Spring has officially sprung! Though we still have impressively high snow banks and miles of beautifully groomed ski trail here in the Northeast Kingdom, the Gregorian calendar has spoken: spring is here. And as the sun shines brighter, the days stretch longer, and the roads grow muddier, spring fever is beginning to take hold at Craftsbury Outdoor Center.
I say it at the start of every season: There is something about seasonal shifts that elicit a visceral sense of excitement. These transitions effectively act as nature’s reset button; they offer a welcome change of pace and invite us to switch up our routine. Perhaps you engage in a wardrobe re-shuffling, a switch from warm to chilled breakfast, or a change-up in exercise regimen. For us runners, the coming of each season brings its own character – the post-run swims and sunset adventures of summer; the crunching leaves and cross country races of fall; the frozen eyelashes and clothing layers of winters; the muddy shoes and track races of spring.
As a New England runner, I hold a particular fondness for the start of spring. I smile as fellow runners begin to dot the roads, eagerly emerging from their winter hibernation. It’s as if we can all sense the same call to hit the roads. There is something about the warm breeze hitting your face and the smell of fresh mud that ignites an intense need to get out the door and RUN! Our bodies know it’s the time of year when we can finally shake-off the hat, ditch the wind pants, and abandon the extra warm knee-high socks. Layering season be-gone!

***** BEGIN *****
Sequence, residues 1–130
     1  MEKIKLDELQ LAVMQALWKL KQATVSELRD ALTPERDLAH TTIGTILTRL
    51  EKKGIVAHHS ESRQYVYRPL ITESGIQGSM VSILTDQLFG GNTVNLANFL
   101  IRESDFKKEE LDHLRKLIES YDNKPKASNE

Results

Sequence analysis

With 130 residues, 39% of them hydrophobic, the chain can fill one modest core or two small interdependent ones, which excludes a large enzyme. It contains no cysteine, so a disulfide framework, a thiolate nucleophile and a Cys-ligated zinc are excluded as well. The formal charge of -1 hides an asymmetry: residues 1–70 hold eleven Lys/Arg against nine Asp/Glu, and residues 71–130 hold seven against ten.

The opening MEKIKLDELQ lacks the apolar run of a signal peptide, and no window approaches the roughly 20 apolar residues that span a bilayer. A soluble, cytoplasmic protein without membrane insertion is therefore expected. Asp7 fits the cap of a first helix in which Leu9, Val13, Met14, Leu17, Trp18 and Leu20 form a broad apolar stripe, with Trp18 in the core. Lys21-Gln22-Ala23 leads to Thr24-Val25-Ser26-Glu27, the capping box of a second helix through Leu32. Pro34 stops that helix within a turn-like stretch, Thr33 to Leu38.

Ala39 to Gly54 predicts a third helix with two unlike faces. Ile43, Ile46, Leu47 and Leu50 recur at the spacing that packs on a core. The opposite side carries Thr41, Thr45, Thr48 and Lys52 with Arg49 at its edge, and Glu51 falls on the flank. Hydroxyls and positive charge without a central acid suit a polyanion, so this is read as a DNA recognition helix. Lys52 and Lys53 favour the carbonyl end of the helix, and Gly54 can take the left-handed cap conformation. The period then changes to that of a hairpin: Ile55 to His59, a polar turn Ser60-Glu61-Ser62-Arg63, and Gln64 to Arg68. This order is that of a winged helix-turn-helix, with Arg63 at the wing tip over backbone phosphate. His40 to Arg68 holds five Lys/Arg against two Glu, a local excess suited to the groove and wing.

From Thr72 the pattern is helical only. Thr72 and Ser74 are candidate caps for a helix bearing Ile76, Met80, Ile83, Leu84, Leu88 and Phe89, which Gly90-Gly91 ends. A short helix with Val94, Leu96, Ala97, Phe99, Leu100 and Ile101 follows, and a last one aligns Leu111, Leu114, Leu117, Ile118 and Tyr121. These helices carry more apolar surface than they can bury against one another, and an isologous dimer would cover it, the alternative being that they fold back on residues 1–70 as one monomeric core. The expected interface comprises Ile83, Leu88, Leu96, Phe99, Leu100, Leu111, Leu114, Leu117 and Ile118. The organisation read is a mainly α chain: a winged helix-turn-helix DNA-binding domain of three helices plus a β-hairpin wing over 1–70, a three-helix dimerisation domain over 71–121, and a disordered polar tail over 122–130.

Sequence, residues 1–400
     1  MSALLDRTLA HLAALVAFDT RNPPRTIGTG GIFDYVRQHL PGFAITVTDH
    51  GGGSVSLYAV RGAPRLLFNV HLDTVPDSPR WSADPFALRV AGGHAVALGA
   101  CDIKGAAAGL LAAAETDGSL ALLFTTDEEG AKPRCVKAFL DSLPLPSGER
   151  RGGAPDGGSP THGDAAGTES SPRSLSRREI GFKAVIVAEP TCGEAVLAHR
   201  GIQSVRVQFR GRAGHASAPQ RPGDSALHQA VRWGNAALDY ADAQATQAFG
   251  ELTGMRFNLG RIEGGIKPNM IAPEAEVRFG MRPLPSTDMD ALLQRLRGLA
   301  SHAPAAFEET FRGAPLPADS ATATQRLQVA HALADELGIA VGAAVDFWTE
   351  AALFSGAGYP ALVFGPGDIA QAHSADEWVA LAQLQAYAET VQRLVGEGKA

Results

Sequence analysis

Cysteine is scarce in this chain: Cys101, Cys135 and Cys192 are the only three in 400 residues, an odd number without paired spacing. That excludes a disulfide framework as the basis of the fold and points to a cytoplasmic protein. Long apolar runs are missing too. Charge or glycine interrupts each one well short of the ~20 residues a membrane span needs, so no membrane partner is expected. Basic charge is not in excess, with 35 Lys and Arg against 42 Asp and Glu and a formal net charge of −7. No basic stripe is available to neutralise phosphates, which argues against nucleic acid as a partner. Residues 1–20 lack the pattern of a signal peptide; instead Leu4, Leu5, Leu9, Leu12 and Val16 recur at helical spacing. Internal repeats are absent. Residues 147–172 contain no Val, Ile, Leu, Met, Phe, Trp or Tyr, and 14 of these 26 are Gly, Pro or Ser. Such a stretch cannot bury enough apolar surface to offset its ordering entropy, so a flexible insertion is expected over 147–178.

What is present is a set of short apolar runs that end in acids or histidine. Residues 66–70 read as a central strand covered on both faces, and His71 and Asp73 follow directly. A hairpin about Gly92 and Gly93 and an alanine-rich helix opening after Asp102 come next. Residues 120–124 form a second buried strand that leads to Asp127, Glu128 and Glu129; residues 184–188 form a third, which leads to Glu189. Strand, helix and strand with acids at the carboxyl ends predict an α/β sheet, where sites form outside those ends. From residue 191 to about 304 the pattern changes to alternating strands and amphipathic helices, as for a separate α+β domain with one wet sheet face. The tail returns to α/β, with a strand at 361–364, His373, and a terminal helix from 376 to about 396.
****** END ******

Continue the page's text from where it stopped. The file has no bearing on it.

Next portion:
Whether you skied, treadmilled, swam, or plain relaxed during the winter, it’s important to take your time getting back into running. A controlled re-entry is key. A graduated move toward more consistent running is necessary in order to effectively ease your body back and avoid injury.
Here are some basic pointers for a successful return to running spring plan:
- Be patient! This may sound obvious, but we all know how tempting it is to jump right back in to running everyday. Remind yourself how “not normal” running 5 days a week has been for the past couple of months. Start with every other day, or every third day. Maybe follow a walk-jog protocol for the first couple of weeks (e.g. jog for 5 minutes, walk for 1 minute, and so on).
- Ditch the watch! Don’t expect to hit the paces you were hitting during the peak of fall racing season. Let your body lead the way and go by feel. Don’t let your watch dictate how you feel during – or after – the run!
- Give your calves some extra love! If you’re a skier, you know all too well the calf and shin soreness that comes with starting back to run. Budget in some extra rolling and stretching time for your calves post-run, and think about adding some light calf activation exercises to your dynamic warm-up routine. Pro tip: do calf raises throughout the winter! This exercise is simple, doesn’t take long, and will keep the calves worked during lower impact months.
- Embrace the spring mud! Mud is your friend; a nice squishy soft surface for you run on. Lace up an old pair of shoes and muck it up!
- Be kind to yourself! Remember – your running legs will come back, they always do.